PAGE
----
As is my wont, I went up to the pub tonight. ‘Up’ is right because the walk there is slightly uphill. But that is OK because the walk back home is all downhill. Nice. The walk is about a quarter of a mile – no big deal.
When I turned out, it was raining slightly, so I put on a coat. I have had that coat for 30 years or more. The beauty of it is that it is slightly insulated by padding. The important word there is ‘slightly’, thus it is perfect for those evenings which are neither warm nor cold. We get a lot of those evenings in the UK. It has a hood, which is not quite useless. It is just a piece of nylon, I suppose, but it does somewhat deflect rain but still does not completely stop some rain gaining access. I suppose that the hood was designed with micro holes which were small enough, generally, not to permit rain drops to penetrate.
Well, fine in light rain, but the rain got heavier on the way back home. Not very heavy, but a bit heavier. My coat started to absorb the rain and my trousers started to get wet. My journey was only a quarter of a mile, and the rain was light. Even so, I was not ‘comfortable’.
On the way home, I began to reflect.
My reflection began with why I no longer own a ‘proper’ raincoat. I have lots of coats of one sort or another, and I generally do not use some of them at all. They are nice coats, and some of them are very new (prezies), but I never wear them.
I think that it is a case of ‘need’. We might consider several weather conditions without going to excess.
Very cold = heavy, padded coat. Very cold and wet = heavy, padded, and waterproof coat. Both conditions can be combated by a heavy, padded and waterproof coat. There is no need to differentiate between the two conditions.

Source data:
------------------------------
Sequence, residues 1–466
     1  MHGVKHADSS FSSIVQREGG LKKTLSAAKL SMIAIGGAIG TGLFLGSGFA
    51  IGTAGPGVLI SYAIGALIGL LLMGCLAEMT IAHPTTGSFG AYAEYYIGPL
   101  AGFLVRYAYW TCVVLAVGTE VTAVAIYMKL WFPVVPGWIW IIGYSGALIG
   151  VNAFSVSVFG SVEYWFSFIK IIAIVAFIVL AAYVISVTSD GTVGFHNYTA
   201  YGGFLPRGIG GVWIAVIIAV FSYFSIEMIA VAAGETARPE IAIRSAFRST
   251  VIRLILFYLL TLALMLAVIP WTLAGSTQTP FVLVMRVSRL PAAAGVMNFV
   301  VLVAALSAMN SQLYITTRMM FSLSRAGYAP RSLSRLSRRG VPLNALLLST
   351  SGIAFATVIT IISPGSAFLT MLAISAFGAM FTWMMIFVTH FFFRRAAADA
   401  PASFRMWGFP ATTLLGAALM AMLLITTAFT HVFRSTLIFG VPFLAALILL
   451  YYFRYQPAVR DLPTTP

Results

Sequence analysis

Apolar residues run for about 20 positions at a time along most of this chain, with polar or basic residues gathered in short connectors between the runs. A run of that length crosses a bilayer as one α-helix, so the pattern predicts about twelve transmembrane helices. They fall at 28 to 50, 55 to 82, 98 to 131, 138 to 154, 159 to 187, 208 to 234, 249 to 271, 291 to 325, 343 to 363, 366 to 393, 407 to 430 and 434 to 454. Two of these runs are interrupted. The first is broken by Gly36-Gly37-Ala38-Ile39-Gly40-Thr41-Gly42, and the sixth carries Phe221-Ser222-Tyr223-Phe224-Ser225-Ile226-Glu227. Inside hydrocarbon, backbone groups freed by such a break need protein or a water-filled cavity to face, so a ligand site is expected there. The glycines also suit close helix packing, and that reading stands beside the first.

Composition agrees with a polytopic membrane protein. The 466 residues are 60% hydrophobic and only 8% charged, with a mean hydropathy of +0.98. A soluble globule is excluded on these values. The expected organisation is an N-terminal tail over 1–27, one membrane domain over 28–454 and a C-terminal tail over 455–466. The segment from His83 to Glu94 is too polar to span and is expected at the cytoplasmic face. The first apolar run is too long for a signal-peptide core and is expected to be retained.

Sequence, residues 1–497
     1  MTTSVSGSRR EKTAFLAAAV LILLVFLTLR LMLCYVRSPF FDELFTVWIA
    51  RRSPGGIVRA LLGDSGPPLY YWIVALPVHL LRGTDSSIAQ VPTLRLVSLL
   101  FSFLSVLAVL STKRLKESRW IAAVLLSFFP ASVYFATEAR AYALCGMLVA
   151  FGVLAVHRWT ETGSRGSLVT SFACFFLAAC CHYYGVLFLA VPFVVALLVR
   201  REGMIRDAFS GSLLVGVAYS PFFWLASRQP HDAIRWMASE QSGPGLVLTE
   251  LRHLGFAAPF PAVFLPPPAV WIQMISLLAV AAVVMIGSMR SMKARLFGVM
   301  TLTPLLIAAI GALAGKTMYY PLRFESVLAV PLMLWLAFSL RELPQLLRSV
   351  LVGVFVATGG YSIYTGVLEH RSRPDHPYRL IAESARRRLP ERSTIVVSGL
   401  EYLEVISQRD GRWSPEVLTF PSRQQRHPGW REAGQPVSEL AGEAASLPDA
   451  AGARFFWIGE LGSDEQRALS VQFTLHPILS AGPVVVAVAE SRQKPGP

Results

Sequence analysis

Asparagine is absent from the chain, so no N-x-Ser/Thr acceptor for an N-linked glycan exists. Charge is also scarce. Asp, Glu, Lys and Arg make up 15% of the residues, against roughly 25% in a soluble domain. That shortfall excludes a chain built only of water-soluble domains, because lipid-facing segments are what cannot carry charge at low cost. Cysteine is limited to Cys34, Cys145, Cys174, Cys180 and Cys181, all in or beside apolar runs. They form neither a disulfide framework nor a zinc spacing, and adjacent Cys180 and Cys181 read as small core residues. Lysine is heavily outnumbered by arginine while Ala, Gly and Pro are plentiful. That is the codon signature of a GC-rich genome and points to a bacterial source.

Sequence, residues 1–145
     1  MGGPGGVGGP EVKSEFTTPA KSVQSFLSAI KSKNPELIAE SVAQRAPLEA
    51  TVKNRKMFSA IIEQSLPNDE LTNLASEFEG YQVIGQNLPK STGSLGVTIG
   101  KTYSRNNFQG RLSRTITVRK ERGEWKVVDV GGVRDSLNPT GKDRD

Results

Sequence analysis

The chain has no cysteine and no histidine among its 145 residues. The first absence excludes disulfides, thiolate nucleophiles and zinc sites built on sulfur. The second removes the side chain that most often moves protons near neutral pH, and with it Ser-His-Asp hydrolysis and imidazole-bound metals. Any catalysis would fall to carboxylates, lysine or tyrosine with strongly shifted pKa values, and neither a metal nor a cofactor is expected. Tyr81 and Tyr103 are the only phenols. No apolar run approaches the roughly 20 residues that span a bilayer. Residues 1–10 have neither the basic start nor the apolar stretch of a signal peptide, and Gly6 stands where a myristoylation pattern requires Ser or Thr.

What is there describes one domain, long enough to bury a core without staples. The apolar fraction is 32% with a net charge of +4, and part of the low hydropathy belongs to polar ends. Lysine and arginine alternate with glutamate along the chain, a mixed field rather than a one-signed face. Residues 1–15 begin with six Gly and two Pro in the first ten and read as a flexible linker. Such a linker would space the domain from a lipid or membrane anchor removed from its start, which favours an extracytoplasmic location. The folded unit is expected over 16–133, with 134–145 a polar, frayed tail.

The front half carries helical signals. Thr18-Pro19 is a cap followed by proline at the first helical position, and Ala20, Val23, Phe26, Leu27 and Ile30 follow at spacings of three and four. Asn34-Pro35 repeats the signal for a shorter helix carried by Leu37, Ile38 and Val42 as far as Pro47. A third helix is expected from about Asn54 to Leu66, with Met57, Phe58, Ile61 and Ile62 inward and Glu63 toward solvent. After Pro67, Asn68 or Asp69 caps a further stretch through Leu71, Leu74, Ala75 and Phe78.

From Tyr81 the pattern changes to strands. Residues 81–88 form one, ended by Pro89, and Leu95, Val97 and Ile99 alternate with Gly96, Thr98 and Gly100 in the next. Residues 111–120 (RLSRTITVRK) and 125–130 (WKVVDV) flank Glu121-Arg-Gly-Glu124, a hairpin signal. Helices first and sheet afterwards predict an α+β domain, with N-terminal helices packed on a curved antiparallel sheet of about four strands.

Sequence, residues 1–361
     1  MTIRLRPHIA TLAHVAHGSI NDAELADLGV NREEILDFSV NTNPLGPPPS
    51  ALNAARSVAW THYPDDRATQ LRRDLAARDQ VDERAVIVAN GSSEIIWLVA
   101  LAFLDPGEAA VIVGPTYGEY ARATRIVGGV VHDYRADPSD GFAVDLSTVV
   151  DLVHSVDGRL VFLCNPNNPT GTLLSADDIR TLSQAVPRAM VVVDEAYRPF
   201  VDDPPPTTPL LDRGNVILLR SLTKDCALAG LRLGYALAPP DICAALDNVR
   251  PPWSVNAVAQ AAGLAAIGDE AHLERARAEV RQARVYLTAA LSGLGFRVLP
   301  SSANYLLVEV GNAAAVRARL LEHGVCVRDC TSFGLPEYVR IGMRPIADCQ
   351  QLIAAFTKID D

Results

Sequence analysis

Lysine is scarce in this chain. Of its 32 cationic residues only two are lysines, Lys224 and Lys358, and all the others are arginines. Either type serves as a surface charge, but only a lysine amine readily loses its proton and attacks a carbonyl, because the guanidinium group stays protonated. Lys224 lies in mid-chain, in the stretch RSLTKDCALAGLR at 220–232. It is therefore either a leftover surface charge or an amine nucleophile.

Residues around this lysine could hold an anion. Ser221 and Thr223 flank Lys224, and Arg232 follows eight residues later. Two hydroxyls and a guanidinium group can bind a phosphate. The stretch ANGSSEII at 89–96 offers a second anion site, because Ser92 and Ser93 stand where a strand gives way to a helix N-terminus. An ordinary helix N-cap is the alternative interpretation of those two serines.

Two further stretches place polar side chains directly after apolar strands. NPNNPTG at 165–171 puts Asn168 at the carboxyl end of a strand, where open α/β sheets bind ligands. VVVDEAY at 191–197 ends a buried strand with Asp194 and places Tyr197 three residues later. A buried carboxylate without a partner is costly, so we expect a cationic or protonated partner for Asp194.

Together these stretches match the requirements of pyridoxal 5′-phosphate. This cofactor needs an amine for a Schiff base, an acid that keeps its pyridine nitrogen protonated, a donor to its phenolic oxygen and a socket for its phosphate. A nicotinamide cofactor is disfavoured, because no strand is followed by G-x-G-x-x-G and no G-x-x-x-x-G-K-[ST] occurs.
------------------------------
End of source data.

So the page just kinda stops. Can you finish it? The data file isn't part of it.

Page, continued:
I do not need to describe other conditions – readers get the idea.
As I walked home from the pub in the slight rain, I thought back. It was normal in the 1960s and beyond for men and women to wear long raincoats. Those coats reached beyond knee length and they were waterproof for all intents. They did not have hoods. Males and females wore hats of one sort or another when it rained. Caps and trilbies were most common for men. Women wore – damn it! I know not what. The carrying of rolled up umbrellas was ubiquitous.
On my way home from the pub tonight, I regretted that I no longer own a ‘proper’ raincoat.
Why do I no longer own a ‘proper’ raincoat?
In the 1950s, 60s, everyone owned a ‘proper’ raincoat.
The obvious answer is that we experienced lots and lots of rain. People were prepared for lots and lots of rain, which reflects the prominence of long raincoats, furled umbrellas and trilbies. From around 1970, the expectation of rain got less, and so ‘proper’ raincoats, furled umbrellas and trilbies were no longer needed. During that long period of time, the rains ceased. That is not to say that rains were insufficient for agriculture. In fact, during the 1950s/60s, harvests were often ruined by incessant rain.
Incessant rainy conditions are not unknown. I forget the name, but there was a diarist in the 1700s who complained that the incessant rains meant that she could not ride out on her horse for days on end.
In the last couple of decades, we in England have not been troubled by the sort of weather which requires ‘proper’ raincoats and head-gear.
And so I thought about the fraud of ‘Global Warming’. For a while, a decade or so, we did not need ‘proper’ raincoats because there was little rain. Now we do.
I need to buy a ‘proper’raincoat which reaches below the knees and has a water-proof hood.